Residents offer feedback on long-term solution; official says short-term fixes are 'slightly delayed'
Slowing to a halt at the intersection of West Hwy. 290 and Hwy. 71 is a regular occurrence for many Southwest Austinites who drive through the Y at Oak Hill at peak hours. The first step in a multiyear effort seeking ways to alleviate congestion problems is the Oak Hill Parkway, an environmental study that will investigate potential effects of possible transportation projects on Hwy. 290.
The Central Texas Regional Mobility Authority and Texas Department of Transportation plan to unveil preliminary design ideas for the roadways during the coming months. Workshops to gauge community interest and priorities started this year, said Steve Pustelnyk, Mobility Authority director of communications.
"Now that we've got all this input, we're going to start putting on paper some of the different ways that we might approach this project," Pustelnyk said.
At an open house planned for 6-8 p.m. May 23 at Clint Small Middle School, the Mobility Authority plans to present mockups of what could be the future of the Y. TxDOT is drawing up preliminary schematics, TxDOT Deputy District Engineer Terry McCoy said.
"We recognize that there are a lot of congestion problems out there today," he said. "We recognize that the ultimate [Y at Oak Hill] project is a few years out, and we hope that the interim improvements we're working on will help relieve traffic congestion."
Authority seeks feedback
Introduced in October, the parkway is now in the public engagement phase, which started early this year and will continue through 2015. Authorities will develop the environmental study and hold a public hearing in 2015.
Melissa Hurst, Mobility Authority senior communications and marketing specialist, said the organization is compiling comments from community meetings.
"Right now this schedule puts us at [releasing] our findings in 2016," she said. "Unfortunately, due to the nature of these studies, we can't narrow [timing] down, but that's what we anticipate."
After that, the Mobility Authority expects Federal Highway Administration officials to decide whether to award it a Finding Of No Significant Impact, or FONSI, meaning the project is approved and work on the long-term solution can begin.
Elements under consideration
Community suggestions so far have included preserving local oak trees to maintain rural character; conducting surveys to determine trees' locations and ages; adding native plants; preserving landmarks; adding trails, sidewalks and crosswalks; adding bridges over Hwy. 290 at major intersections; and not adding signals or frontage roads along Hwy. 290.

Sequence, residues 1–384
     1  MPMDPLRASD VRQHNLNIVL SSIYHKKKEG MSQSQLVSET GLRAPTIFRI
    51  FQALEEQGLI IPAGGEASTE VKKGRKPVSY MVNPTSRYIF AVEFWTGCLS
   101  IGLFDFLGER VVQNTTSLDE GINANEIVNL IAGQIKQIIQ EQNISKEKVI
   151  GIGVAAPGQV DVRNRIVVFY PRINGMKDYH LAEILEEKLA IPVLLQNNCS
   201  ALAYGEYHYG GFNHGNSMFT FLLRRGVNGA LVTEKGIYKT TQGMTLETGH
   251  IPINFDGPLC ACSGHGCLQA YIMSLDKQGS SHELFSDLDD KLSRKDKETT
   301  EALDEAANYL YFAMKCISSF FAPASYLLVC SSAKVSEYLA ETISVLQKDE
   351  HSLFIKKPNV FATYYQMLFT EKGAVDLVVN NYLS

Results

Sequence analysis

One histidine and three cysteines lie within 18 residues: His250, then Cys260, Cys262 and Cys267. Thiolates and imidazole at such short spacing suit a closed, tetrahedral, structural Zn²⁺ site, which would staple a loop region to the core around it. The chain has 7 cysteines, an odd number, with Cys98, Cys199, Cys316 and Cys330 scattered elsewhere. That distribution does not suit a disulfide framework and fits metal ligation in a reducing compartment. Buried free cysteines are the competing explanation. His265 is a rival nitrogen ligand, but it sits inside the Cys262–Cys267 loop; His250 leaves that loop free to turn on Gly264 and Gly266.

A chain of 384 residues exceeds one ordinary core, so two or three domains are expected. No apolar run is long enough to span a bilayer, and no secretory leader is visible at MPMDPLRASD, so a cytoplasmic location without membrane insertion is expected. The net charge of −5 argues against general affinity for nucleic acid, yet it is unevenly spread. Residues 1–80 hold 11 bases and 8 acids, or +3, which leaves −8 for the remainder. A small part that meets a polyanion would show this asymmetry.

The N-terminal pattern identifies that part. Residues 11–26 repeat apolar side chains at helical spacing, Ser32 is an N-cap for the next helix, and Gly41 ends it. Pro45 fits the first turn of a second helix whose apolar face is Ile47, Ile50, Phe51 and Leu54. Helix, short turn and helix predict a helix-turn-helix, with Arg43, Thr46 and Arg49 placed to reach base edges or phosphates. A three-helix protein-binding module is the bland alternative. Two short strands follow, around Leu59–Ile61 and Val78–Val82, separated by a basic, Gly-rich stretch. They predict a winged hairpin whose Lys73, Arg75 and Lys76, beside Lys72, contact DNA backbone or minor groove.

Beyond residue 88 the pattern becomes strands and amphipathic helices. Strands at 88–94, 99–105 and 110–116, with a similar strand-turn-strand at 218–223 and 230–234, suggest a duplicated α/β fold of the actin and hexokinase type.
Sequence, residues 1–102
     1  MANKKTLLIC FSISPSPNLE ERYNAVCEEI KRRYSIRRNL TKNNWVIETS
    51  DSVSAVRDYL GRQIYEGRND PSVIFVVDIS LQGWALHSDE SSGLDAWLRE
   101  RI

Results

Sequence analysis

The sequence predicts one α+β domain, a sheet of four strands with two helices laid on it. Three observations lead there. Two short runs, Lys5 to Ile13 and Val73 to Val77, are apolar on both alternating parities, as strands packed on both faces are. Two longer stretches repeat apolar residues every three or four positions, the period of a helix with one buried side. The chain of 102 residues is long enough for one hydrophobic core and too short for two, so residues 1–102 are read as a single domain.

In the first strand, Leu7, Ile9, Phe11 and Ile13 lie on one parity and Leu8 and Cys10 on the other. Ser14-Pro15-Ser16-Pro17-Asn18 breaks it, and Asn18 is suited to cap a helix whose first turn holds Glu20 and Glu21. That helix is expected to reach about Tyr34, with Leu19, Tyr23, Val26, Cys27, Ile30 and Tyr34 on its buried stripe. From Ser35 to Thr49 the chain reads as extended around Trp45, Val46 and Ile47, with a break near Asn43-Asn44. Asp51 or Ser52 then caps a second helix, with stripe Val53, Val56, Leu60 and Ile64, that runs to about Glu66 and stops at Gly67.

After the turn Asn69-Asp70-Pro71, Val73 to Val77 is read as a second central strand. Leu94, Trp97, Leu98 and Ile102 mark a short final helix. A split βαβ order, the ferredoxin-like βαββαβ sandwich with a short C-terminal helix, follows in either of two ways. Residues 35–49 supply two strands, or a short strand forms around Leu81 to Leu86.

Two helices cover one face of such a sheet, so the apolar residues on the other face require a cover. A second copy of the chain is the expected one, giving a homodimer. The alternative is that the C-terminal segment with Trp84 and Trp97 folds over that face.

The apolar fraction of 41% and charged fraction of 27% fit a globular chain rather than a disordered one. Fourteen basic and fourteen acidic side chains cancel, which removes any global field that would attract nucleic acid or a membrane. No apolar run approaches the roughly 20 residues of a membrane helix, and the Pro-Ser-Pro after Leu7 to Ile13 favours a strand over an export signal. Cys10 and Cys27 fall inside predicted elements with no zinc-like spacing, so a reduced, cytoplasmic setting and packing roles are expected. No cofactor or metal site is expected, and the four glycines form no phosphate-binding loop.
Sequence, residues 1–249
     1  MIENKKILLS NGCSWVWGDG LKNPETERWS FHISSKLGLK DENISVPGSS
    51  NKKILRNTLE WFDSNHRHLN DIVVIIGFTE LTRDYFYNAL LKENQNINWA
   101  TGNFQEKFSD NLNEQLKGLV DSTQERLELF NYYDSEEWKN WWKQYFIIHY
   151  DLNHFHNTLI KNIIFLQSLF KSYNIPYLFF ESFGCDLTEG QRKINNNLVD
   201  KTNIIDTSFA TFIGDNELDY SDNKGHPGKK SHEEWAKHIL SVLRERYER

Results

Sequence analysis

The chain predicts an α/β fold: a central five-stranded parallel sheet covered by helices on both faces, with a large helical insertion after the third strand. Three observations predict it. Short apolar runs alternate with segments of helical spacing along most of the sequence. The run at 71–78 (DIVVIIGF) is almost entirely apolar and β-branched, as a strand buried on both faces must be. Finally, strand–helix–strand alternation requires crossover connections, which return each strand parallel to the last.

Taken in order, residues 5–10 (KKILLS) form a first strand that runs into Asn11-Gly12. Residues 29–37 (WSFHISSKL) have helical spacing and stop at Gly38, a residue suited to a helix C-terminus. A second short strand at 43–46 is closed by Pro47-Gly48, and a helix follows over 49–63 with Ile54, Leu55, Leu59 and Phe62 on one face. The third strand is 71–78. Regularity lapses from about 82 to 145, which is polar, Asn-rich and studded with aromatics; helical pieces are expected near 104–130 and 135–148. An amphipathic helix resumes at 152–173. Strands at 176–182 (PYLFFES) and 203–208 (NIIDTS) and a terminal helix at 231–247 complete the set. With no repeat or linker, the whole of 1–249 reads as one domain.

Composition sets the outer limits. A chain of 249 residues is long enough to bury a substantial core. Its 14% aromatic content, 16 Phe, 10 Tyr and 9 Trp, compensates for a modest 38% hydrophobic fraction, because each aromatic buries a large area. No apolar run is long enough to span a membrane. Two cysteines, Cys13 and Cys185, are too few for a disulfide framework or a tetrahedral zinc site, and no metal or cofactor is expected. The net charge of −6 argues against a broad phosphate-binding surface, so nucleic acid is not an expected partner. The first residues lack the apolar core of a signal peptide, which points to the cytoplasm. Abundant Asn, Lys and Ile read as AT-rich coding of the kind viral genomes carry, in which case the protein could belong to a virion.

"We're talking about the full environment. Everything—the people, the buildings, the cemeteries," Pustelnyk said. "Today, unlike 20 years ago, we try to do integrated transportation where we look at all of the ways people move and make sure that the project is coordinated and accommodates all modes of transportation."
At a workshop in March, Oak Hill Trails Association member Rick Perkins encouraged incorporating multiuse trails.
"[Adding trails] would increase neighborhood connectivity. It promotes exercise and health for kids as well as adults, and also from a commuter point of view, eventually the trails would support the transportation corridors and help people actually go to work by bike," he said.
Bike and pedestrian paths are important to resident Carol Cespedes, South Windmill Run Neighborhood Association board member and Austin Community College Pinnacle advisory committee member. She said some ACC students run across the highways to get to class.
"As a community, we need to [ensure] that there are safe pedestrian connections between the neighborhoods and the shopping centers and ACC," she said.
History and concerns
While the parkway is picking up speed, the need for change is nothing new, resident Bruce Melton said.
"There's enormous congestion at the Y," he said. "We've been waiting 20 years to get something done about it."
Melton is a member of the Fix290 Coalition, an organization that founding member Cespedes said has been advocating for turning Hwy. 290 into a parkway—specifically an on-the-ground freeway without signals or tolls—since about 2005 in response to an earlier TxDOT plan for an elevated toll road. Supporters of Fix290 do not want to see an elevated road, Melton said, adding he is concerned that as a tolling authority, the Mobility Authority might not give non-tolling options such as the Fix290 plan a chance.
Environmental studies have a shelf life of three years. Pustelnyk said in the past, TxDOT's environmental study became outdated, funding was not secured and transportation projects were delayed. The study is being funded with federal and state dollars, Pustelnyk added.
"It wasn't until just now, when [the Mobility Authority] took a role in the project, where we clearly knew we were going to have the money because we can sell bonds and do it as a potential toll road, and we really stepped back and said we're going to do everything possible to find an acceptable solution to the community," Pustelnyk said.
Congestion at the Y causes issues for the business community, such as delaying employees' commutes, said Beth Ann Ray, Austin Chamber of Commerce vice president of regional infrastructure. In March, the chamber encouraged businesses to tell officials that they would pay increased taxes or fees to fund projects addressing congestion, Ray said.
"The chamber has been a longtime proponent of addressing the bottleneck that you get at the Y at Oak Hill," she said. "We'll continue to advocate on [the parkway's] behalf until we get to the day where it's open and we're driving on it."
More information about the project is available at www.oakhillparkway.com.